May 1:                70/46           63/45          +7/+1
May 2:                74/60           64/46        +10/+14
May 3:                63/45           64/46           -1/-1
May 4:                61/39           64/46           -3/-7
May 5:                60/48           64/46           -4/+2
May 6:                64/52           65/47           -1/+5
May 7:                54/46           65/47          -11/-1
May 8:                55/43           65/47          -10/-4
May 9:                58/42           65/47           - 7/-5
May 10:              61/45           65/47            -4/-2
May 11:              60/42           65/47            -5/-5
May 12:              61/43           66/48            -5/-5
May 13:              54/44           66/48          -12/-4
May 14:              64/50           66/48            -2/+2
May 15:              66/52           67/49            -1/+3
May 16:              80/58           67/49          +13/+9
May 17:              85/57           68/50          +17/+7
May 18:              94/72           68/50          +26/+22   (Record High Set)
May 19:              90/62           68/50          +22/+12
May 20:              65/49           69/51             -4/-2
May 21:              68/48           69/51             -1/-3
May 22:              59/51           70/52           -11/-1
May 23:              69/55           70/52            -1/+3
May 24:              70/56           70/52             0/+4
May 25:              58/54           71/53          -13/+1
May 26:              74/54           71/53           +3/+1
May 27:              73/53           71/53           +2/0
May 28:              70/56           72/54            -2/+2
May 29:              58/54           72/54          -14/0
May 30:              61/53           72/54          -11/-1
May 31:              75/55           72/54           +3/+1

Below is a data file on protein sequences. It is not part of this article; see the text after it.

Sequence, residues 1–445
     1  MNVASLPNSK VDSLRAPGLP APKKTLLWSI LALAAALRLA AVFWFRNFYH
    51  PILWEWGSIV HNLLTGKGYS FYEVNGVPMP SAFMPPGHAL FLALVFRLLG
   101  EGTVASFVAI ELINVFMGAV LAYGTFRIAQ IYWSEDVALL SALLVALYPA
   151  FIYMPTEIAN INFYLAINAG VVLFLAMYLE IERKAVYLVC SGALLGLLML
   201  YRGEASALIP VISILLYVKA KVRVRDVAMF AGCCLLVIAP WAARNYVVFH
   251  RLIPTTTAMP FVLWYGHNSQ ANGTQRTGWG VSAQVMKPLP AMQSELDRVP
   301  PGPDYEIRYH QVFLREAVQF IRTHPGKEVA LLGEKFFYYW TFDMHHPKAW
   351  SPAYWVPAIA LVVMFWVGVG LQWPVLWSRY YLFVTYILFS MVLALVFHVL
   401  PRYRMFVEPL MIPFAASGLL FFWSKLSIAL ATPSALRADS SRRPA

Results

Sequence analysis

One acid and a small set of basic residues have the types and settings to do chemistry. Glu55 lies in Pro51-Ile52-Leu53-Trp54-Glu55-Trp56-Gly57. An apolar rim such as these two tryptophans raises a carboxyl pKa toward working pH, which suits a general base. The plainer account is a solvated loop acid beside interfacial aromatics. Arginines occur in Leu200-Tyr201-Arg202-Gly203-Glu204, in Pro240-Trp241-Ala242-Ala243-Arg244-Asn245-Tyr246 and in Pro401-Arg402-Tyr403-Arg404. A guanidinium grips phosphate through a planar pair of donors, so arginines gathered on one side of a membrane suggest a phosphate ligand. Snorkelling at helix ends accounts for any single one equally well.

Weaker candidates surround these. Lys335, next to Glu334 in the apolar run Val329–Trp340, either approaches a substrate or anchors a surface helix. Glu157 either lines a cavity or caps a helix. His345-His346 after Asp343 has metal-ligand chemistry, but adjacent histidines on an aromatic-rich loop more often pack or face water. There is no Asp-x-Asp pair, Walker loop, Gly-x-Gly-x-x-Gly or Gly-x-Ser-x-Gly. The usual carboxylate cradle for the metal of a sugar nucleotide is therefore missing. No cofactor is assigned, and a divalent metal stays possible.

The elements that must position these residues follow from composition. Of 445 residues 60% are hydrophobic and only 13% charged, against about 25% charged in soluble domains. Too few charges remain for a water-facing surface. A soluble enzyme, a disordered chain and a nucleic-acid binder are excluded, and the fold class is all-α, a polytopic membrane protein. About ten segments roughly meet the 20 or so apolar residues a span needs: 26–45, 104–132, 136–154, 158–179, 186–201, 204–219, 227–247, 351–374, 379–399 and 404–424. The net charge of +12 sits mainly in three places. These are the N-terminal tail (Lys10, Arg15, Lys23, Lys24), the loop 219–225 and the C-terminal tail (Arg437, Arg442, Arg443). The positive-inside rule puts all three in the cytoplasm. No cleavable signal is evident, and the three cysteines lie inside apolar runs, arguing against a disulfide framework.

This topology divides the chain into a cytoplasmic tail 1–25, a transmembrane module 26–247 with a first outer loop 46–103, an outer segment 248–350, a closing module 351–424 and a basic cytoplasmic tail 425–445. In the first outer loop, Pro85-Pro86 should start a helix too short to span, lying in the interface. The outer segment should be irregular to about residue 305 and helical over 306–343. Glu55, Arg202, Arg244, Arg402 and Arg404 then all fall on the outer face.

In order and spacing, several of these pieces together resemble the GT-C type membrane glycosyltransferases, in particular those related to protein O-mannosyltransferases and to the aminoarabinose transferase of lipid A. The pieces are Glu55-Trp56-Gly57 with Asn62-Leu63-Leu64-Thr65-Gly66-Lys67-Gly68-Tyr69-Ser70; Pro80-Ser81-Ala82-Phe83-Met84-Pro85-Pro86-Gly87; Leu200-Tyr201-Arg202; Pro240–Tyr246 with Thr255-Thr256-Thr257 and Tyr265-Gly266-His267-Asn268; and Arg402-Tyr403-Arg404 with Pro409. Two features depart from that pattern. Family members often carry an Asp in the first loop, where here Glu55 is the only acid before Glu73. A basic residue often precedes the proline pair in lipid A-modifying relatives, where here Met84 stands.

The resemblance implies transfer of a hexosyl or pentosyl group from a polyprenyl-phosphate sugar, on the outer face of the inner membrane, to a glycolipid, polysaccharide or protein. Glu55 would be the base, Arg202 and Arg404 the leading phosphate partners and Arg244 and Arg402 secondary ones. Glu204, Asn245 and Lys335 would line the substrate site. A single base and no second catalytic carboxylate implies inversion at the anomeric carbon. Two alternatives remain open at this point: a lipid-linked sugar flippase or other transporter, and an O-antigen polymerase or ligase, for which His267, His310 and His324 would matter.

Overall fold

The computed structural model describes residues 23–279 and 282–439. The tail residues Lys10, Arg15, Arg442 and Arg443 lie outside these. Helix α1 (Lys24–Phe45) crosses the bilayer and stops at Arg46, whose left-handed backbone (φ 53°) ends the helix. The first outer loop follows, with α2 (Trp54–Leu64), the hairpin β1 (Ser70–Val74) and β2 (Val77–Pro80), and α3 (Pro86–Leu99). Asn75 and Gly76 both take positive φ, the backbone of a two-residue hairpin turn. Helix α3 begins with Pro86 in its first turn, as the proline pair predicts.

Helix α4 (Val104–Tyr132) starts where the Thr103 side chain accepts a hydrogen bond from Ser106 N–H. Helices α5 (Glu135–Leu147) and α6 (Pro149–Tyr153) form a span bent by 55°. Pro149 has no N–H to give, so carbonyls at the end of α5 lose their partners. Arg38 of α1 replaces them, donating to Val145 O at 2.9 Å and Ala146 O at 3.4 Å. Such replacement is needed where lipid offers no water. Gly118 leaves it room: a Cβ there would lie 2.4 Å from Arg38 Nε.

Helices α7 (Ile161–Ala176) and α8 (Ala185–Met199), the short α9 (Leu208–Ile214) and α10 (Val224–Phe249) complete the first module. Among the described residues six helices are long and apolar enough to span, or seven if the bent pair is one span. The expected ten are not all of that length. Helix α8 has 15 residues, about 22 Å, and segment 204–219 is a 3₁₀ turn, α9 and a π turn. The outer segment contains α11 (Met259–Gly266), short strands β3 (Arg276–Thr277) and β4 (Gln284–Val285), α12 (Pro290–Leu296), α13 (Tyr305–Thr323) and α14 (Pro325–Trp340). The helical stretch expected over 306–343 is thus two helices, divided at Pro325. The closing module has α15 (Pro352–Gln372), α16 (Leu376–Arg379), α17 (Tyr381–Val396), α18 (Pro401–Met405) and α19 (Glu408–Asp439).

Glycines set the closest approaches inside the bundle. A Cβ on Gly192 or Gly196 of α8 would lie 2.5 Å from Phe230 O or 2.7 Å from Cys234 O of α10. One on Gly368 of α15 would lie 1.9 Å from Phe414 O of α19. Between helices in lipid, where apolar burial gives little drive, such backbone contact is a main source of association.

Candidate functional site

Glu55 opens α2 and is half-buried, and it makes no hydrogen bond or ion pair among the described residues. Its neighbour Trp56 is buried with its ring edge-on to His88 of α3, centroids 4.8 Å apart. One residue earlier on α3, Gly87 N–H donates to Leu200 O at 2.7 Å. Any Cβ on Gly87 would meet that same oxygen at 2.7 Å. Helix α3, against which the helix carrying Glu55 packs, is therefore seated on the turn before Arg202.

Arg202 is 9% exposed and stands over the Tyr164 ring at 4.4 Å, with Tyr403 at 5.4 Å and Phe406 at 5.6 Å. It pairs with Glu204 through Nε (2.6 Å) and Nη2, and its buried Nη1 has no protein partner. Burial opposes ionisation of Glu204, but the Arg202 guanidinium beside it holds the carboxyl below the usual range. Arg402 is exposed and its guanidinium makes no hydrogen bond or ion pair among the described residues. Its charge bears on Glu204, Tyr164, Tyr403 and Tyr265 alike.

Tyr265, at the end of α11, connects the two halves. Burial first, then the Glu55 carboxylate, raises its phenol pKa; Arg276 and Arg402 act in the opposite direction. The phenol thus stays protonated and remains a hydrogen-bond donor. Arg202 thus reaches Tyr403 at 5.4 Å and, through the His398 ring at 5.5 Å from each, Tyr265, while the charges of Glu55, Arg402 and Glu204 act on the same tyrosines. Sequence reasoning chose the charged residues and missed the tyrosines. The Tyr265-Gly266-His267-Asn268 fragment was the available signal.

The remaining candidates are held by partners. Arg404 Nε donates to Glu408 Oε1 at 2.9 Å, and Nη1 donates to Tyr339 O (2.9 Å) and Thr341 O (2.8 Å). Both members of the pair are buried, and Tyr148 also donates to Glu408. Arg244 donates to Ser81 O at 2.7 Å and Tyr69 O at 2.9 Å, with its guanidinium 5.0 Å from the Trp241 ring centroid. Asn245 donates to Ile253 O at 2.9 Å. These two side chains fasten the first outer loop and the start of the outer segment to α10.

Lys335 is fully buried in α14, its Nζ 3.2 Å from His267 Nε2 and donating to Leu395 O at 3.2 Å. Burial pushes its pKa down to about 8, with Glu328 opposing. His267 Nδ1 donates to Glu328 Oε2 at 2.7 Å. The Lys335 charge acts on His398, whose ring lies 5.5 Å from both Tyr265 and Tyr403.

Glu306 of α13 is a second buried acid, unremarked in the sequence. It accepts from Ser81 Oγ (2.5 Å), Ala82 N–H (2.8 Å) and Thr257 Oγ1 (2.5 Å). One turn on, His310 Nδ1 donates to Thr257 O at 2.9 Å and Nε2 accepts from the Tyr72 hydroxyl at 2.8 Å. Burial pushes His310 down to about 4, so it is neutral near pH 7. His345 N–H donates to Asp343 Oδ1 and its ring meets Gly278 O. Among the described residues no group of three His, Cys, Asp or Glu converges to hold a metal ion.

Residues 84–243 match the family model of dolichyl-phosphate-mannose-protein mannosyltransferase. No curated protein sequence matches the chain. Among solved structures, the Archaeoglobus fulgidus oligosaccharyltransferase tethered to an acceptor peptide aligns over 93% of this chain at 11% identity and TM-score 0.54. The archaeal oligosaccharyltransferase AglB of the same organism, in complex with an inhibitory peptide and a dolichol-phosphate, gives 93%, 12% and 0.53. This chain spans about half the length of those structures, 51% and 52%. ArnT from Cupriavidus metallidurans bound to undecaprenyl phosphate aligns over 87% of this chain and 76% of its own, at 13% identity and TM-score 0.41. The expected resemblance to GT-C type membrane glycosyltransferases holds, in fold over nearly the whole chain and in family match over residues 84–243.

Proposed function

June 1:                79/55           73/55           +6/0
June 2:                74/50           73/55           +1/-5
June 3:                72/50           73/55            -1/-5
June 4:                70/54           74/56            -4/-2
June 5:                64/56           74/56          -10/0
June 6:                56/50           74/56          -18/-6
June 7:                68/50           75/57            -7/-7
June 8:                72/50           75/57            -3/-7
June 9:                81/47           75/57           +6/-10       (Record Low Set)
June 10:              85/57           76/58           +9/-1
June 11:              92/66           76/58         +16/+8 
June 12:              93/69           76/58         +17/+11      (Record High Set)
June 13:              94/70           77/59         +17/+11      (Record High Set)  
June 14:              84/60           77/59           +7/+1
June 15:              77/57           77/59              0/-2
June 16:              68/58           77/59             -9/-1
June 17:              74/68           78/60             -4+8
June 18:              85/73           78/60            +7/+13
June 19:              84/70           78/60            +6/+10
June 20:              86/64           78/60            +8/+4
June 21:              82/64           79/61            +3/+3